I've read alot about coops/runs Need alot more info PLEASE!

Discussion in 'Coop & Run - Design, Construction, & Maintenance' started by bigoledude, Jan 30, 2011.

  1. bigoledude

    bigoledude Songster

    Jan 16, 2011
    SE, Louisiana
    I want to start raising Silver Penciled Rocks in one tractor set-up. Jersey Giants in another. And, Blue Laced Red Wyandottes in yet another. Please help me with some additional information.

    First, I would like my chickens to have a generous amount of room in the run. But, because of the nature of a MOBILE set-up, keeping things light and easy to move is important. How many sq. feet-per-bird is generous, not wasteful?

    Is there an effective way of securing the bottom edge of a tractor against predators like raccoons and coyotes? I cannot bury wire every time I move the tractor.

    Give an example of how I would go about training the Javas (the free range flock) to return, on demand, to a coop every evening?

    Is 3 birds-per nest box squeezing too many layers into too few boxes?

    What are some good, fast-growing, and nutritious summer seeds that I can replant in the eaten-up space that we just moved FROM? Winter seed?
  2. Highlander

    Highlander Tartan Terror

    Oct 1, 2008
    If you look right at the top of the page you will see a link to "Coop Designs" There are more coop and run designs with building instructions up there than you can shake a stick at. Happy reading!
  3. pharmchickrnmom

    pharmchickrnmom Songster

    Apr 13, 2010
    Go to my byc page and you will see our portable run and tractor. The tractor itself is 4x8 and we have 8 hens in it. It is fairly easy to move with two people and we move it every 8 feet in our yard. My dh made a portable skirt for it that allows us to adjust it accordingly to our uneven ground. The portable run was made out of the old pvc water pipe that was in our well. It is 8x8 (I think) and we used chicken wire on 3 sides and the top. I put another layer of chicken wire on the bottom 3 feet and extended it out 2 feet to deter predators. I just use clips to hold it up when moving it. It slides real easy and butts up against the front of the tractor. I then tie it to the skirting with bungees. I use a board for any gaps. I know everyone will say its not predator proof however we have had no problems so far and because it is so close to the house, I think that helps. Glad to see you are getting Javas as am I. Just lock them into the coop for a week or so and they will know that is home and will return there each evening. I had to encourage mine a few times when they were little but now they know the coop is safety and bed so they go of their own accord, even when freeranging (under supervision of course.). We have 2 nest boxes inside the tractor for our 8 girls and this seems to work well. They all use them. I am not sure about the seed, as I have to reseed my own lawn in places. You might also want to consider where you will park the tractors for the winter if you live in a cold area with snow as you will need to carry water and feed to them in the wintertime. I hope this helps. As far as tractors are concerned, you will have to consider carefully your lawn or where it is you want to put them. We have to go up and down a hill and our property is very uneven so a fixed skirt and rigid run was out of the question. Good luck and make sure to post pics when you build yours!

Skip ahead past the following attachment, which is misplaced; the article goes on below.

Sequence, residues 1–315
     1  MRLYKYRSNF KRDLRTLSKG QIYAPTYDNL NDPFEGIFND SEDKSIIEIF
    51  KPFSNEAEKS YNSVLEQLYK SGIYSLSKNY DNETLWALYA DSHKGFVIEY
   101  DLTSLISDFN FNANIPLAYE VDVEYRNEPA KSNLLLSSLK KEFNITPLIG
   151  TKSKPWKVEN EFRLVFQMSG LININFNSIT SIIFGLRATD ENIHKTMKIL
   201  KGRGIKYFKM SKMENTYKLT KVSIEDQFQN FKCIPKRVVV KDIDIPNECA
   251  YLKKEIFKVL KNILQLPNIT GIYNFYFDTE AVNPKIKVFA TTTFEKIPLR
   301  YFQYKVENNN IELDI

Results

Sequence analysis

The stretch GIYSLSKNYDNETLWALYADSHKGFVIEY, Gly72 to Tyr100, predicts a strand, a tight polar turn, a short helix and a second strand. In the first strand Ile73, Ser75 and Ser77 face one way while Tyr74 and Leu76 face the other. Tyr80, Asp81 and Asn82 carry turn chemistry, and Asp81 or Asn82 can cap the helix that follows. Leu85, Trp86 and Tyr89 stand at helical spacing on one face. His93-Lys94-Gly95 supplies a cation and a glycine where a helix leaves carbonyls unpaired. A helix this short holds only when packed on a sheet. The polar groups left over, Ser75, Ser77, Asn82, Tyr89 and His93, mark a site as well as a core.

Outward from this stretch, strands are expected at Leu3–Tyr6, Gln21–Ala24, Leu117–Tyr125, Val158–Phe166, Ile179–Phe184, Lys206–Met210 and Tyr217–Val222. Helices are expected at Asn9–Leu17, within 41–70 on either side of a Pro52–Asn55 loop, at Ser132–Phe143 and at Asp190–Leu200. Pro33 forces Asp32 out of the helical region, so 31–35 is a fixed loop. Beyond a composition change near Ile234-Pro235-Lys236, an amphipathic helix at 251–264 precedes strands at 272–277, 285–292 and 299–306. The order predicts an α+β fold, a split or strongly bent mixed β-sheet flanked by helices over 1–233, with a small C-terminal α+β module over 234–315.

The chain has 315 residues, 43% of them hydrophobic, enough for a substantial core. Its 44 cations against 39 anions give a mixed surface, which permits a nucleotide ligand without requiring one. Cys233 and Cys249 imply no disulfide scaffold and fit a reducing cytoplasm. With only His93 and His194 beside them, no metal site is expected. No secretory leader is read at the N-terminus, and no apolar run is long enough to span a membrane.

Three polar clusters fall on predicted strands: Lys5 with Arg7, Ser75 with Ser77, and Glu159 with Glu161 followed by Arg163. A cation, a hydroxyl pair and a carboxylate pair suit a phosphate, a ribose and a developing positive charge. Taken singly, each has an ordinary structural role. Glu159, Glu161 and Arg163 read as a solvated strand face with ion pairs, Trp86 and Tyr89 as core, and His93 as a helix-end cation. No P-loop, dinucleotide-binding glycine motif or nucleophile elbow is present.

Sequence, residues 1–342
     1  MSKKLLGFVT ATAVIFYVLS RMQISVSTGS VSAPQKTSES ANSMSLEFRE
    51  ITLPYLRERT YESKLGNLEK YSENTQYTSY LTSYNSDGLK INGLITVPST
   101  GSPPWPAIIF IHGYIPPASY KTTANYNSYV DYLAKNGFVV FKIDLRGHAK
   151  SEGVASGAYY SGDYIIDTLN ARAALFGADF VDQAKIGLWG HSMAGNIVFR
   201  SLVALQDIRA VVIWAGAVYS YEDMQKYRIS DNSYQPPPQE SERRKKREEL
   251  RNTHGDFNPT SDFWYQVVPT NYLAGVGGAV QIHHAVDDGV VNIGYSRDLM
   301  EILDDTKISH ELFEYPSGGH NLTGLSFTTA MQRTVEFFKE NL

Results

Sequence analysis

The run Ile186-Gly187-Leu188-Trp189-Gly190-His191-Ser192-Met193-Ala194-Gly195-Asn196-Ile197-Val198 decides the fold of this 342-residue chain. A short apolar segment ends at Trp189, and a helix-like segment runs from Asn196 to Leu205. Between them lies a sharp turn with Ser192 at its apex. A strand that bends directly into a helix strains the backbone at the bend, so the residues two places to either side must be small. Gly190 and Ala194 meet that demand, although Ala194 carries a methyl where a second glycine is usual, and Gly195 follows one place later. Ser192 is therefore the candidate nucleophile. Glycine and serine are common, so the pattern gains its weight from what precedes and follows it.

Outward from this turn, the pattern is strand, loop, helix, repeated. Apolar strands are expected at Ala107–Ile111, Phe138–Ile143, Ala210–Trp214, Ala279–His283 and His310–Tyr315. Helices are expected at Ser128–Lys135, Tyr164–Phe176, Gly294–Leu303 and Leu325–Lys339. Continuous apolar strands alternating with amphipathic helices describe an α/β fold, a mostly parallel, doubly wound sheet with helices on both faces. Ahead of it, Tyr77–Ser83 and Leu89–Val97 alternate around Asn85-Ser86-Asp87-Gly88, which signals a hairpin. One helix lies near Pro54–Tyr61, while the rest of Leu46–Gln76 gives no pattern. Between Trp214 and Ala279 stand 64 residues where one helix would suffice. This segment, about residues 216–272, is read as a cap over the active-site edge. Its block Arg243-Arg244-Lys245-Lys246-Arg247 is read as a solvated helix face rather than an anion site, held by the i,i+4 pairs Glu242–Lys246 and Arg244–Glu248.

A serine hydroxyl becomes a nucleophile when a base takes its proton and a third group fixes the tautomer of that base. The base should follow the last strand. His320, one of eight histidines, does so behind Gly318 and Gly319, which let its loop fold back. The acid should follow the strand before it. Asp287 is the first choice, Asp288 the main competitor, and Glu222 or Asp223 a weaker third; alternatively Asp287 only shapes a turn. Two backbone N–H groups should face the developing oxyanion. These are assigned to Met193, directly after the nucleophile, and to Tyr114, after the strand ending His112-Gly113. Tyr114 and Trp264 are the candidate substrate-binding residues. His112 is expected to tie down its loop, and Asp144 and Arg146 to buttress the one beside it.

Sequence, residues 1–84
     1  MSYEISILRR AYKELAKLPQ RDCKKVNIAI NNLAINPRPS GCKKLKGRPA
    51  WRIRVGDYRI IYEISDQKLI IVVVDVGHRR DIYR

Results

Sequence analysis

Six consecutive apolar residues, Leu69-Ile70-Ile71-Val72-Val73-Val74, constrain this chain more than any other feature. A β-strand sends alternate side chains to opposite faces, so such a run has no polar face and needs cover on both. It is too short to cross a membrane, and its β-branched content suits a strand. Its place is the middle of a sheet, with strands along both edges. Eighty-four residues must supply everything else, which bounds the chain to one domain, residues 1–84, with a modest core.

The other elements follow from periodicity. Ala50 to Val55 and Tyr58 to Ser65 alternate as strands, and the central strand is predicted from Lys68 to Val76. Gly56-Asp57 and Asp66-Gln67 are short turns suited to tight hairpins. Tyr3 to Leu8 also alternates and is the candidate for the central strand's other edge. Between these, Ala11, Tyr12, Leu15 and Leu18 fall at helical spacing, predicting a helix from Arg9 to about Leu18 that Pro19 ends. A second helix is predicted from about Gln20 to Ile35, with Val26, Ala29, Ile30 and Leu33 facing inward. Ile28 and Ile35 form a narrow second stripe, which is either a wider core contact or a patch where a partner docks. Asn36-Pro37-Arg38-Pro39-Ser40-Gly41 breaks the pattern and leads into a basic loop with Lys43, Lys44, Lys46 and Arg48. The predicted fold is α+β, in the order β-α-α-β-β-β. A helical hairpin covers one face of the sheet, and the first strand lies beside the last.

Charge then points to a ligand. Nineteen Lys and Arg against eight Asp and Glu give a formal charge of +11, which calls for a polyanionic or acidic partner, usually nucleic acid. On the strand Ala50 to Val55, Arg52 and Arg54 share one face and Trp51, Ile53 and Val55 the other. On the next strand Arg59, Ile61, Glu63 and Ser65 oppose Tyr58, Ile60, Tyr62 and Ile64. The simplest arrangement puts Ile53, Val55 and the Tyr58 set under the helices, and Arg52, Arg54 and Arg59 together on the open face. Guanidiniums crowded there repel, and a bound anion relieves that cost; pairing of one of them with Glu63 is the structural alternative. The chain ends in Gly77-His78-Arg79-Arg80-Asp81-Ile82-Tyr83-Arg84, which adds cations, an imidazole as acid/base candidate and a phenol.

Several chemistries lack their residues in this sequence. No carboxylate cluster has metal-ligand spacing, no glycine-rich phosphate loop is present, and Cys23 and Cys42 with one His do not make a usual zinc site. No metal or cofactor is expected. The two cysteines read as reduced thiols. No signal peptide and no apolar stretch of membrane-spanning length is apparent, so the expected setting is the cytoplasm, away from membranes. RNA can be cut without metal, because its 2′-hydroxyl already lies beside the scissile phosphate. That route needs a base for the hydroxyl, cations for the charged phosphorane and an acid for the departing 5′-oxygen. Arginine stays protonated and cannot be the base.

4. patandchickens

    patandchickens Flock Mistress

    Apr 20, 2007
    Ontario, Canada
    "generous space allowance" and "tractor for a large number of birds" are two really-incompatible concepts, since for practical constructional reasons it is not really feasible to make a tractor larger than say 10x12 at the biggest. (-ish, depending on what your ground is like and on whether you have a vehicle to pull it and on whether you require birds to winter in it).